“This work is a very significant achievement — it adds to our knowledge of where threatened species are, and where we must work to protect them,” said Duke University ecologist Stuart Pimm, who was not involved in the study.

Even the king cobra is “vulnerable.” More than 1 in 5 species of reptiles worldwide are threatened with extinction, according to a comprehensive new assessment of thousands of species published Wednesday in the journal Nature, reports AP.

Of 10,196 reptile species analyzed, 21% percent were classified as endangered, critically endangered or vulnerable to extinction — including the iconic hooded snakes of South and Southeast Asia.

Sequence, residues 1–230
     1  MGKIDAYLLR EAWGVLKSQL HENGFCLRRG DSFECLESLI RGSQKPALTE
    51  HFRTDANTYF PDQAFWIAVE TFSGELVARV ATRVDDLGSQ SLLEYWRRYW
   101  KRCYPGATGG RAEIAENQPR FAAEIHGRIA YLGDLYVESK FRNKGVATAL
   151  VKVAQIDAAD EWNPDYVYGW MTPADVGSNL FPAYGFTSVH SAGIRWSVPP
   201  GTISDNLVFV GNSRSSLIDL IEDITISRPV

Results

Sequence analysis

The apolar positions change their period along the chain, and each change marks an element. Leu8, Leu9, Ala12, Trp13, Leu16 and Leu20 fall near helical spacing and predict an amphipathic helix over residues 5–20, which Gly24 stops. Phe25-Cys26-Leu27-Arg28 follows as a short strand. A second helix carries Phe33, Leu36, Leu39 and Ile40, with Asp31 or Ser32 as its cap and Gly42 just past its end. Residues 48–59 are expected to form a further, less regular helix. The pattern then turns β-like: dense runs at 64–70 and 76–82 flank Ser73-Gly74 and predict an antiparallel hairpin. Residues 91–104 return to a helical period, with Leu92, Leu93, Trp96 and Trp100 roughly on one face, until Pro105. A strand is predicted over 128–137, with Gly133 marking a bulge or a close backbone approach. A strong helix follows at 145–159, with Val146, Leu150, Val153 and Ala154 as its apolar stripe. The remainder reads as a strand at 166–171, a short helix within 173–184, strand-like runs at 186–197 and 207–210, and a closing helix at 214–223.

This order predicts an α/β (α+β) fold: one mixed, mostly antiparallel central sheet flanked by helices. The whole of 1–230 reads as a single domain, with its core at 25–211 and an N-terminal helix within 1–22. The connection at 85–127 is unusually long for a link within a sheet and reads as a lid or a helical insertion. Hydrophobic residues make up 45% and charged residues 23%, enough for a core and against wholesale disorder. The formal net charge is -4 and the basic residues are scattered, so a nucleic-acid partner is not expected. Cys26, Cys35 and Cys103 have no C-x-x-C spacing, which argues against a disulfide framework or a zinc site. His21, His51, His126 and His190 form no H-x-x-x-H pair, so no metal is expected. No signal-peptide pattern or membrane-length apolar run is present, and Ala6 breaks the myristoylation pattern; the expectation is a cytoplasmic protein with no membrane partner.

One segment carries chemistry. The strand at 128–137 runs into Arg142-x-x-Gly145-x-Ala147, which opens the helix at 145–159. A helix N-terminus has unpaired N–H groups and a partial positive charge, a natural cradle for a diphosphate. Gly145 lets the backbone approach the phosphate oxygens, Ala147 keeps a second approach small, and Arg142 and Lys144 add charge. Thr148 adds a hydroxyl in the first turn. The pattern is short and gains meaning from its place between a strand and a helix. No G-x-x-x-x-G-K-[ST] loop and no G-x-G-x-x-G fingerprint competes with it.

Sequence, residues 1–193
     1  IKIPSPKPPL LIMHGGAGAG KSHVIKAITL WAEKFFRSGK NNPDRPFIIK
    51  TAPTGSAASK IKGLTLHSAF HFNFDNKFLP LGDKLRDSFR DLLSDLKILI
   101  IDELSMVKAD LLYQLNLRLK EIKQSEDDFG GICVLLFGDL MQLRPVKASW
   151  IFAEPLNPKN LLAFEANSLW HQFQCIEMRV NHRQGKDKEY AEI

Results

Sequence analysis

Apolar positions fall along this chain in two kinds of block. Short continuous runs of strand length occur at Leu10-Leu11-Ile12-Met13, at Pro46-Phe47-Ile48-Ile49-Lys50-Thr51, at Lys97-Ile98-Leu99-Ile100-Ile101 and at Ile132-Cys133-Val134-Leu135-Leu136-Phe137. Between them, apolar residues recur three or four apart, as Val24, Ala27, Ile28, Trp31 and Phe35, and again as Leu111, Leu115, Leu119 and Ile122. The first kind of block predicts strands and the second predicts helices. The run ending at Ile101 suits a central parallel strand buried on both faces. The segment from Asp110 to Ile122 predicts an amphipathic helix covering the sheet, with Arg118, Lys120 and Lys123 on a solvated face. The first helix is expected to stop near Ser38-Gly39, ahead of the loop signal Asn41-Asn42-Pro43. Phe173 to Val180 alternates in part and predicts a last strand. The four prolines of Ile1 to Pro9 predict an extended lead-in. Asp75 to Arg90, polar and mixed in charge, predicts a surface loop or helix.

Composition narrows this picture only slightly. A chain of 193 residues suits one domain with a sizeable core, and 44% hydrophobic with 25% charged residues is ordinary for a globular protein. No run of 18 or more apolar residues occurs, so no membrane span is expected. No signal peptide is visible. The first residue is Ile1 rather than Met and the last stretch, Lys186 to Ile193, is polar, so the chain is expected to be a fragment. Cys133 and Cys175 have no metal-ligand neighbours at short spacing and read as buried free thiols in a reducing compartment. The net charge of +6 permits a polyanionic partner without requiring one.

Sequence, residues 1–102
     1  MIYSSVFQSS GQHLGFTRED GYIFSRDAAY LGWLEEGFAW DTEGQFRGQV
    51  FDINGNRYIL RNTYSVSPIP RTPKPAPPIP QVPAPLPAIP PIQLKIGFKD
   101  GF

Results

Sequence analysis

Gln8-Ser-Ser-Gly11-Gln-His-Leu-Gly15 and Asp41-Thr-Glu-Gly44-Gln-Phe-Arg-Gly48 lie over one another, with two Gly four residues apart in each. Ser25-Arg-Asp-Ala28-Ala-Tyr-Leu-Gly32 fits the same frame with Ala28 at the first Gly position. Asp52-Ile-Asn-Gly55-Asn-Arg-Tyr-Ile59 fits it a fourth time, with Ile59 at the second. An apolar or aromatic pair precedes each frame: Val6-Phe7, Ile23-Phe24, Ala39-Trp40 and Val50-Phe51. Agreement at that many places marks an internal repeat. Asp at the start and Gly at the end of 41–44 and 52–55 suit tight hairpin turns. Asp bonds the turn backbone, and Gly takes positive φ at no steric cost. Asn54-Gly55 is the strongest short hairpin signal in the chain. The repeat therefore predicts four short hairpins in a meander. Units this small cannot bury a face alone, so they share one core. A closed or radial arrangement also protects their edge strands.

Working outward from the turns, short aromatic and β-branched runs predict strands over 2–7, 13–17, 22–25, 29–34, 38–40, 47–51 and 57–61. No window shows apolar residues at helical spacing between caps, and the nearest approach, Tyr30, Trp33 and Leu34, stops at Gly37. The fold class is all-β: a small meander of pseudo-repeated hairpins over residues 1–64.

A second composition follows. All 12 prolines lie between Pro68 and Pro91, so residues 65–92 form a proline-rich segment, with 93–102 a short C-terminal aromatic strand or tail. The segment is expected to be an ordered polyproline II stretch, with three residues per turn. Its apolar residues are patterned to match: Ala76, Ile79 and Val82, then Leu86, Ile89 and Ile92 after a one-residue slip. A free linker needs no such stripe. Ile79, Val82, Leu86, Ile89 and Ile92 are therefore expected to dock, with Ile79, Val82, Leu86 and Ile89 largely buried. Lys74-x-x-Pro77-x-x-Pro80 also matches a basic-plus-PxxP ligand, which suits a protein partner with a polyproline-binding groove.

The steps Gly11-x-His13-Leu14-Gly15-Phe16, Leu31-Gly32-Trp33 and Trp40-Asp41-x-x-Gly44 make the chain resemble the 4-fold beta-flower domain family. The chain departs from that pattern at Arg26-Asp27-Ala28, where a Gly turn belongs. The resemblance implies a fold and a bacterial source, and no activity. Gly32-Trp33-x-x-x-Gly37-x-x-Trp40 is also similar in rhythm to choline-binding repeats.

“This work is a very significant achievement — it adds to our knowledge of where threatened species are, and where we must work to protect them,” said Duke University ecologist Stuart Pimm, who was not involved in the study.

Similar prior assessments had been conducted for mammals, birds and amphibians, informing government decisions about how to draw boundaries of national parks and allocate environmental funds.

Work on the reptile study – which involved nearly 1,000 scientists and 52 co-authors – started in 2005. The project was slowed by challenges in fundraising, said co-author Bruce Young, a zoologist at the nonprofit science organization NatureServe.

Read more

© Copyright LaPresse